Nice update by critical care nurse by profession, entrepreneur, and blogger Rommel Faunillan. He has a very long list of stocks on My Prudent Life – holdings approaching 100 in total. Although I wouldn’t own that many stocks myself (I prefer some form of a consolidated portfolio), I totally agree with the punchline about striving to save and invest enough to enjoy some meaningful dividend and distribution income in semi-retirement, without relying on government benefits.
“Finally, our ultimate goal is to live off passive income from our dividends without harvesting the capital. Additionally, whatever other sources of income during retirement such as work defined benefit pension plan, Canada Pension Plan (CPP), Old Age Security (OAS) will be such a huge bonus and icing on the cake. However, it is something that we will not solely rely on, as these are sources of income, guaranteed it may seem but are beyond our control.”
In case you missed it, I posted my latest monthly income update on my site here. Onwards and upwards and hopefully I can earn $11 per hour from part of my portfolio later this year!
A big thanks to GenY Money, one of my favourite Canadian blogs, for her review of our new site and services to Canadians at Cashflows & Portfolios.
“For a very reasonable price you can get peace of mind and feel empowered knowing the best way to draw down your portfolio in order to preserve your estate (if that’s what you want), maximize government benefits like OAS, and minimize taxes paid. Also, you can pick the mind of two of the most knowledgeable Canadian personal finance bloggers for their unbiased takes on how they are preparing for early retirement themselves.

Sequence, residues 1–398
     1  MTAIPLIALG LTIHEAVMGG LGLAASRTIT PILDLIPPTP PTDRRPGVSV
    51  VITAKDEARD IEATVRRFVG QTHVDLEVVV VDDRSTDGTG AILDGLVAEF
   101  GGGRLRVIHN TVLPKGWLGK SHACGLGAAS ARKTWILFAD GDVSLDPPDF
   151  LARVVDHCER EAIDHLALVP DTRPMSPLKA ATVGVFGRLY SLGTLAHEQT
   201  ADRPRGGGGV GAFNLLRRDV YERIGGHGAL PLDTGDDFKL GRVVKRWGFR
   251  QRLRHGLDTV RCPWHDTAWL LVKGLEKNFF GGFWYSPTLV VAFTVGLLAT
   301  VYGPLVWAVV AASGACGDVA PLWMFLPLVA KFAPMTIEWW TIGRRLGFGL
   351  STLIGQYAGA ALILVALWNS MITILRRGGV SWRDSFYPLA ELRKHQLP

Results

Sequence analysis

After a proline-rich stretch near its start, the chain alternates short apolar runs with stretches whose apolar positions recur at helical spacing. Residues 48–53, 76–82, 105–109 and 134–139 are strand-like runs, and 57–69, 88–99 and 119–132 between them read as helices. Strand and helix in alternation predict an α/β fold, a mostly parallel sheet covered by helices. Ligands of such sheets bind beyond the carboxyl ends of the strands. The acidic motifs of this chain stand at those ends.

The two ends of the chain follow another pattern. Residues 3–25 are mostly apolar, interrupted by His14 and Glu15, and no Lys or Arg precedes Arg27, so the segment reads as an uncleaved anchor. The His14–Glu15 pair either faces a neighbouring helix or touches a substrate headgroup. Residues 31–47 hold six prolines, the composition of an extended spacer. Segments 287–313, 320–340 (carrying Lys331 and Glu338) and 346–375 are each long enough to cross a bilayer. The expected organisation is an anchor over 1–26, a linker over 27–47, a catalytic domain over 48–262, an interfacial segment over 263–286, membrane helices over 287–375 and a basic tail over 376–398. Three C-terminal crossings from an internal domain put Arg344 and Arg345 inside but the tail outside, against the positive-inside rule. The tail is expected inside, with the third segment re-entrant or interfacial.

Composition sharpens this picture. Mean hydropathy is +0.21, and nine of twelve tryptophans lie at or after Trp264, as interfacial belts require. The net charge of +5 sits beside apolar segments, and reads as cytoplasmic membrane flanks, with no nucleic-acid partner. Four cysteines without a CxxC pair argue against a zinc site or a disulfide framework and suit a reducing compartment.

I think that this is a service that is a great unmet need across Canada for those nearing retirement, planning years in advance of retirement, or even those who are currently in retirement and want to optimize their withdrawals from their retirement portfolio.”
On Reverse the Crush – there are problems with some narrow-minded thinking when it comes to money.
“Think about what you value. Think about the important relationships in your life. Pursue those things. Don’t be distracted by or attracted to the false summits you see along the way. Make sure you have enough rope, anchors, clips, and supplies for the ascent. Keep yourself grounded as you climb. Look ahead, not behind. The summit is just beyond the horizon.”
Those words align well with my thoughts when it comes to wrestling with the emotional side of early retirement.
Boomer & Echo highlighted a new book: Die With Zero. I should put that on my reading list, but I have more books to giveaway first – stay tuned readers!!
Cashflows & Portfolios shared everything there is to know about the Locked-In Retirement Account (LIRA), including some Life Income Fund (LIF) withdrawal options – read on!
What do you make of this? Pretty cool, I think.
Source: The Laws of Wealth.
Dividend Stocks can Rock as Mike Heroux outlines his top-holdings in this video. Keep it up Mike!
Quite the story on Dividend Growth Investor: how an investor built a $500,000 portfolio on minimum wage. Without stealing the entire story:
“One of the largest misconceptions people have is that they need to earn a high income, in order to save. The important thing is to be able to live within your means, and manage your income and your expenses at the same time.”
Here are some Weekend Reads from Cut the Crap Investing – including more inflationary guidance.
Good stuff on How To Save Money when it comes to federal and provincial tax brackets.
Save, Invest, Prosper!
As always, check out my Deals page.
My very own personal BMO promo code remains available! Use that BMO code to get hundreds in cash back when you open investment accounts with BMO like your RRSP, TFSA, taxable account and more! What’s even better with BMO now is they have commission-free ETF investing. Yup. They are now offering commission-free investing for more than 80 Exchange Traded Funds (ETFs), via their self-directed BMO InvestorLine clients. The ETFs cover a broad range of asset classes, geographies, management styles and popular themes from Canada’s largest ETF providers, including BMO, iShares and Vanguard. Simply awesome and I hope more big discount brokerages follow their lead.